Thursday, 14 October 2004

Jesper M. Johansson, Ph.D., ISSAP, CISSP is a Security Program Manager at Microsoft. The second part of his three-part article on the use of passwords vs. passphrases was recently published.

The Great Debates: Pass Phrases vs. Passwords

  • Part One - coveres the fundamentals of passwords and pass phrases, how they are stored, and so on
  • Part Two - discusses the relative strength of each type of password, and use some mathematical approaches for illustration
  • Part Three - offers some conclusions and guidance on how to choose passwords and configure a password policy

In this installment, he looks at three arguments for the use of pass-phrases:

  • Claim 1: Users Can Remember Pass Phrases
  • Claim 2: Longer is Stronger
  • Claim 3: Pass Phrases Can Have More Randomness

This is a great read, worth the time for anyone who works in the security field or in IT operations and security. I am looking forward to the third installment, as well. Jesper has a powerful way of cutting to the heart of the arguments and coming out the other end of the conversation with good facts in tow.

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IT Security | Tech
Thursday, 14 October 2004 12:56:49 (Pacific Standard Time, UTC-08:00)
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Every now and then a company comes along that Just Gets ItTM.

Google is one of those companies. I have been playing with the new Google Desktop Search beta application, which is a locally-installed program that indexes content on your local computer and allows you to search it, in-line with other Google searches.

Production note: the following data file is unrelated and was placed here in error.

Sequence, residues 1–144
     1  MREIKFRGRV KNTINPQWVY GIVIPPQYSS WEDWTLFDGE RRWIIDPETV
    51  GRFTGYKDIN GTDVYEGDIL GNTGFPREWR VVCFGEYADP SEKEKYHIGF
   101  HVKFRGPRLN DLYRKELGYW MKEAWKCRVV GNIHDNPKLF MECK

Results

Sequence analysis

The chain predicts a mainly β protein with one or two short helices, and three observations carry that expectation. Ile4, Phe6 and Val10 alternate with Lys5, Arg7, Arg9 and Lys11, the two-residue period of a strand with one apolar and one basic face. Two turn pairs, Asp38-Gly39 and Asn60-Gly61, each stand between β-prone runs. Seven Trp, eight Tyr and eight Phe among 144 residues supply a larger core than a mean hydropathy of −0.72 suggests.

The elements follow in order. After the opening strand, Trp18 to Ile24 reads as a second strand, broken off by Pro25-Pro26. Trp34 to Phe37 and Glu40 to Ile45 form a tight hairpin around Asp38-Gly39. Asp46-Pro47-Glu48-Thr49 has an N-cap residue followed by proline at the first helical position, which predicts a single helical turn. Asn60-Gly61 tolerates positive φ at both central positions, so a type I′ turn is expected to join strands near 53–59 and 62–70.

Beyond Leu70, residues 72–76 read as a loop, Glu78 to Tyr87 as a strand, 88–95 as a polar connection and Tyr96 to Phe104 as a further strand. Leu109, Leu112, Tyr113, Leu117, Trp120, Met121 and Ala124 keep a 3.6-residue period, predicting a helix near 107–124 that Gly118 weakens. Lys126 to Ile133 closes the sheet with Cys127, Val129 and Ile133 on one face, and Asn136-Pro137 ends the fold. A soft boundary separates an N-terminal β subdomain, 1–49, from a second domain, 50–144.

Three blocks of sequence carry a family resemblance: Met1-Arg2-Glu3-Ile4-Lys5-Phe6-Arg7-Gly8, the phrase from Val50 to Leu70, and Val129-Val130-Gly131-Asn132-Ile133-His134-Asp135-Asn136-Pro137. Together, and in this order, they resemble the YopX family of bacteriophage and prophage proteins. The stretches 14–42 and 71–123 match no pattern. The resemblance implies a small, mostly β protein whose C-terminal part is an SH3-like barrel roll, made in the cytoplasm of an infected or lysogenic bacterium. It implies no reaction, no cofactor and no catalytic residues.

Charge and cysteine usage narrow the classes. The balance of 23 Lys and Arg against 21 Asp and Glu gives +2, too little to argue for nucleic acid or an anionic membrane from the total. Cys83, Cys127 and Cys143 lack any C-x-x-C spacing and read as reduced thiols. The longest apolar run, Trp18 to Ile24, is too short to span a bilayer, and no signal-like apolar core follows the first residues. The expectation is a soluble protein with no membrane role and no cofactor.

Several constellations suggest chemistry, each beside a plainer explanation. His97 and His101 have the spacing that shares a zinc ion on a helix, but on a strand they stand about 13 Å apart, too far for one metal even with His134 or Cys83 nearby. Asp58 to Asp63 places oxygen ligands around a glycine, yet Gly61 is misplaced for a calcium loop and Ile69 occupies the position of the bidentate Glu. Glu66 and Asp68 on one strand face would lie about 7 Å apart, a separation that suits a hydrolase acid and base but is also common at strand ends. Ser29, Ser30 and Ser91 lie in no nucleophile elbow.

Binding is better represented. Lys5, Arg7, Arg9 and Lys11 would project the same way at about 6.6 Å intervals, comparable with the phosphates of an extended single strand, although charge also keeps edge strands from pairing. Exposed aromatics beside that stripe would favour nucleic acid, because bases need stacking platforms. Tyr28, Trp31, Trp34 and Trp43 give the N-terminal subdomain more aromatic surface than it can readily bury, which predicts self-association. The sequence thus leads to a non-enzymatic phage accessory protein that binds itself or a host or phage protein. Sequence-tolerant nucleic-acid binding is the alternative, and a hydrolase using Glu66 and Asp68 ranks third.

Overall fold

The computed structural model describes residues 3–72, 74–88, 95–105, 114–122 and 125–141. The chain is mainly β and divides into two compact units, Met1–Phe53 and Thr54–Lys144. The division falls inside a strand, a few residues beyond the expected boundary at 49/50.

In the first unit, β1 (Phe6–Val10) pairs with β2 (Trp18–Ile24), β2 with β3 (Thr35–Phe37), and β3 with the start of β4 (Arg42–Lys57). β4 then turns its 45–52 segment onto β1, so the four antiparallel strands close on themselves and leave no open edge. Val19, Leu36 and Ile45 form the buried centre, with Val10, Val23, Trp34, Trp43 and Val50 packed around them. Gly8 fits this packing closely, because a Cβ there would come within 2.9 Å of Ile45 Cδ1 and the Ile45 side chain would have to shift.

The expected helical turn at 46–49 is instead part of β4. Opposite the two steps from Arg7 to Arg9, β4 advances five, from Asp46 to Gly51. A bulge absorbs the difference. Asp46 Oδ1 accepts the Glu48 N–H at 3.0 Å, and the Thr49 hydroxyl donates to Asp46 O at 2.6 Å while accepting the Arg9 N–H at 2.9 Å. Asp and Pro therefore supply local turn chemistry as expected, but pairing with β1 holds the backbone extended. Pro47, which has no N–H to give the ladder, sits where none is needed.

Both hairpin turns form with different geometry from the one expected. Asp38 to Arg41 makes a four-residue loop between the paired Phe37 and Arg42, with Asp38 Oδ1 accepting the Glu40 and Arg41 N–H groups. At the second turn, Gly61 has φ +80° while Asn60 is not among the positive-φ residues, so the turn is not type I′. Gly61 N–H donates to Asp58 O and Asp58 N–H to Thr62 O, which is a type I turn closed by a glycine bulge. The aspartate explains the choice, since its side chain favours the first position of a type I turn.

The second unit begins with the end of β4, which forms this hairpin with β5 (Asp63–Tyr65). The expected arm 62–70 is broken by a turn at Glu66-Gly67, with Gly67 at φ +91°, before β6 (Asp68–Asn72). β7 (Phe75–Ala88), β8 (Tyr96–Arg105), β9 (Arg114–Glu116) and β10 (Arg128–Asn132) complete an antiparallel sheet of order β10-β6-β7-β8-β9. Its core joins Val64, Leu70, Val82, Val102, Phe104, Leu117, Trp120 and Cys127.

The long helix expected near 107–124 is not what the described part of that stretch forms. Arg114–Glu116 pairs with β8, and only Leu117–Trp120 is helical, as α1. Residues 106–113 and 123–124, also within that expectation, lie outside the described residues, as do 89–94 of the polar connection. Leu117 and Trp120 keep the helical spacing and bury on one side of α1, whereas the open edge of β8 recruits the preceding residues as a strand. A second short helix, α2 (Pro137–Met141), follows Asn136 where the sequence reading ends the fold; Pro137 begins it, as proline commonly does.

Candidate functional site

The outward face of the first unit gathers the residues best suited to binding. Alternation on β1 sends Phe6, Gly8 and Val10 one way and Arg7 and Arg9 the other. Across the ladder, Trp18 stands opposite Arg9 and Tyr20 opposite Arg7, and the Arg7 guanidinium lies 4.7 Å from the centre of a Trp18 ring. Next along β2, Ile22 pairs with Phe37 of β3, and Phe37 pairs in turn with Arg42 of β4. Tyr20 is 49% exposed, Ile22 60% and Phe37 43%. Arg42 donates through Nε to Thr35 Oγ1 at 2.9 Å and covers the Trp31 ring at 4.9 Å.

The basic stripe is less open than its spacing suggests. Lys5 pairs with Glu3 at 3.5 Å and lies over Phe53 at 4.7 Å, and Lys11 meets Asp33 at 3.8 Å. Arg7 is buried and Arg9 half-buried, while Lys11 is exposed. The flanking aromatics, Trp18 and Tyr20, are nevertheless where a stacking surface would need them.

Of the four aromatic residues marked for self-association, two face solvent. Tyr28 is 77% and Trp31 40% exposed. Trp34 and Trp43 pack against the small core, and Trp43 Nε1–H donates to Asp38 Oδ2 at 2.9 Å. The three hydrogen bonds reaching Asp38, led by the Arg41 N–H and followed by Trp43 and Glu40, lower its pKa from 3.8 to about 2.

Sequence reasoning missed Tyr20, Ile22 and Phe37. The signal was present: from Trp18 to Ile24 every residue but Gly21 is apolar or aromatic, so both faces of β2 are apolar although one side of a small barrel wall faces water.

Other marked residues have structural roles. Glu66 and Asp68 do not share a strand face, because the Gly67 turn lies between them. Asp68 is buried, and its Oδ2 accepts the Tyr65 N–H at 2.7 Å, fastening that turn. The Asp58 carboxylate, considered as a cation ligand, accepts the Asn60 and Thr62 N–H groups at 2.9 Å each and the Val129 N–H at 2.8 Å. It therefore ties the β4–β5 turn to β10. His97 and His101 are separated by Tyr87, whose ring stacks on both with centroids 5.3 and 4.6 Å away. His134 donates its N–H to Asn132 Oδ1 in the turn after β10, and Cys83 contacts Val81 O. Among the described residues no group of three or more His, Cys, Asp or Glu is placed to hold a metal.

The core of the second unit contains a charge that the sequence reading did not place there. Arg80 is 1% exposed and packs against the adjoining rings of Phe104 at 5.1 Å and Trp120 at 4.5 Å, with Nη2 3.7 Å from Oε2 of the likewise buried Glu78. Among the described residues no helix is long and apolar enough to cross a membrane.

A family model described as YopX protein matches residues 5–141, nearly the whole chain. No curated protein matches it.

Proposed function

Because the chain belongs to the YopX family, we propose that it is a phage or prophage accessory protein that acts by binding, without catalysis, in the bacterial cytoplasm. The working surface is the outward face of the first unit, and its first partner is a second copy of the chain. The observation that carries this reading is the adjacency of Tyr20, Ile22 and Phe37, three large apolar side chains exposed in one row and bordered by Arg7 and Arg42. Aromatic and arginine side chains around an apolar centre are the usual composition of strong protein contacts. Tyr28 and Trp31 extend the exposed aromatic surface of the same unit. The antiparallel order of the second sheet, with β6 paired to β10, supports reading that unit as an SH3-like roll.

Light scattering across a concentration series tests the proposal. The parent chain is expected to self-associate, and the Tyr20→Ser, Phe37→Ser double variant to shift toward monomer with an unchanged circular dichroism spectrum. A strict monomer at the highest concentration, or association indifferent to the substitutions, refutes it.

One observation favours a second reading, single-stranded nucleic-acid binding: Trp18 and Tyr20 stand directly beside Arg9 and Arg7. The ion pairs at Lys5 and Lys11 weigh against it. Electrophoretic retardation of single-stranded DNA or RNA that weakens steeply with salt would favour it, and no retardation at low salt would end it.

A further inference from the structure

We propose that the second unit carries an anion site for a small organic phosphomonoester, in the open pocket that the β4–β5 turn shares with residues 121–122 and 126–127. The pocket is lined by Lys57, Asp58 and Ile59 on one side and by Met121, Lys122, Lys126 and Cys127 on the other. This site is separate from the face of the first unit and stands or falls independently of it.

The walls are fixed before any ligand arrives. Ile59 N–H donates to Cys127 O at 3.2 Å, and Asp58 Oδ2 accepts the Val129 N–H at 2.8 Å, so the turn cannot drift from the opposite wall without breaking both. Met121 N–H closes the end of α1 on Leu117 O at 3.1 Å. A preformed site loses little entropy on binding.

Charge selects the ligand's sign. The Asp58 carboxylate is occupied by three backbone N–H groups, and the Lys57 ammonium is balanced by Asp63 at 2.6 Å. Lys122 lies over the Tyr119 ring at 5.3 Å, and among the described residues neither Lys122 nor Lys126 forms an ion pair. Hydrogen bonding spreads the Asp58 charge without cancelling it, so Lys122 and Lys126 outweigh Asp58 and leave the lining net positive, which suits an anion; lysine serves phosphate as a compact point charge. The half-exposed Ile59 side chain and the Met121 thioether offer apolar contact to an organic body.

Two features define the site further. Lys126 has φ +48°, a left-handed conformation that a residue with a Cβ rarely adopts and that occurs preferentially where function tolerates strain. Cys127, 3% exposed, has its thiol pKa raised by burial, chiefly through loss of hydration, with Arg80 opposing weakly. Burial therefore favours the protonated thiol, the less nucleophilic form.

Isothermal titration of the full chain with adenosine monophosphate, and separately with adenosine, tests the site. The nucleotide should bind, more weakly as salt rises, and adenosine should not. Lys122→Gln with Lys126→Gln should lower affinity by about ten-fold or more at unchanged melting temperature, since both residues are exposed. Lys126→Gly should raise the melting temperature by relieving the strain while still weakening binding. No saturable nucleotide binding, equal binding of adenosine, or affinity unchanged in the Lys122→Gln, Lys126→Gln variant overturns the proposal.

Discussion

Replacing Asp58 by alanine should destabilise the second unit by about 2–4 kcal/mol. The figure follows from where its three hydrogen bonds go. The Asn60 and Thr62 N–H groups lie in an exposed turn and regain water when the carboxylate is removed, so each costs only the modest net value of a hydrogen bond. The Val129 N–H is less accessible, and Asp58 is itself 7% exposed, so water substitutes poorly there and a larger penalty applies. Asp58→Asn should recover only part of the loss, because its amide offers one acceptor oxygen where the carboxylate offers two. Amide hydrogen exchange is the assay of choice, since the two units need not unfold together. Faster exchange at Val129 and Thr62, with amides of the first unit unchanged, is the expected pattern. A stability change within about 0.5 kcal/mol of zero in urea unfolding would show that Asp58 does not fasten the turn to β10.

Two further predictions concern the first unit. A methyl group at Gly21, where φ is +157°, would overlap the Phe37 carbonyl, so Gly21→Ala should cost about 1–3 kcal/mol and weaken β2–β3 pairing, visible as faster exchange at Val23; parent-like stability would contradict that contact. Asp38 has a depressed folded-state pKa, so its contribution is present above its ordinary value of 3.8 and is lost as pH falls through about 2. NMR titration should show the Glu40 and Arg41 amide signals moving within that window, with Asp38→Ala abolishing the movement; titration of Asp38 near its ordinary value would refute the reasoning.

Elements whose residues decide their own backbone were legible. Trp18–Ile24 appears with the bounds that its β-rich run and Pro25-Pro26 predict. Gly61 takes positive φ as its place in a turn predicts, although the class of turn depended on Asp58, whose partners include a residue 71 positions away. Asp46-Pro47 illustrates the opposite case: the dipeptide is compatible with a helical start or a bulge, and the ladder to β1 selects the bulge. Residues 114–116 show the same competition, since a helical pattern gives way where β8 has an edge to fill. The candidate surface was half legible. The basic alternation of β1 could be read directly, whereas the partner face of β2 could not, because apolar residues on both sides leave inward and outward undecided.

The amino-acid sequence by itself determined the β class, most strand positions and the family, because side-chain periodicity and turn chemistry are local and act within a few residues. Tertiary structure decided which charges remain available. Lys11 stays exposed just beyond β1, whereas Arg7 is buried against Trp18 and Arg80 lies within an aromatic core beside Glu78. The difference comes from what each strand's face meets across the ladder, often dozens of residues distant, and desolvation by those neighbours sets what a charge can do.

It might take a minute to realize the utility of this. Bear with me. Then use it and see for yourself. This is (as Scott world say) pure sex.

Once you install Google Desktop, any Google search can then include your local desktop/machine search in-line, as shown above. You can also do a desktop-only search, and you can choose to disable the ability to show Desktop Search results on Google Web Search result pages. Google states that your personal search results and data are kept private from Google.

What can you index on your desktop machine? Google Desktop is able to index the following items so that you can search for them:

  • Outlook email
  • Outlook Express email
  • AOL IM 
  • Word
  • Excel
  • PowerPoint